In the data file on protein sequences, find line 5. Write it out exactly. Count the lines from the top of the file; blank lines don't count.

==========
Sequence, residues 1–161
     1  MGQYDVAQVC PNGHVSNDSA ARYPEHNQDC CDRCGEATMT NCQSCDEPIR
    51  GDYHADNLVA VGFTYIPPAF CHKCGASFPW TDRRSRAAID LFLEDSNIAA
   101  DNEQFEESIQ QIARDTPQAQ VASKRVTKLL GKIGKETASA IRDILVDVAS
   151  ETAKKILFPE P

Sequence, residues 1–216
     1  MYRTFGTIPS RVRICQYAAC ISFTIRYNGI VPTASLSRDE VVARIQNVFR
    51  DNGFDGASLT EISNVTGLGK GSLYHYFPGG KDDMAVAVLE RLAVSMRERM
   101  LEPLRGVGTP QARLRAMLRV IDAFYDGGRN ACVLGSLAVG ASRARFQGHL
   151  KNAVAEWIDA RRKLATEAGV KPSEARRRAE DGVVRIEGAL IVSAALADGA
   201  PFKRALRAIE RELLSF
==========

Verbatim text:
   151  ETAKKILFPE P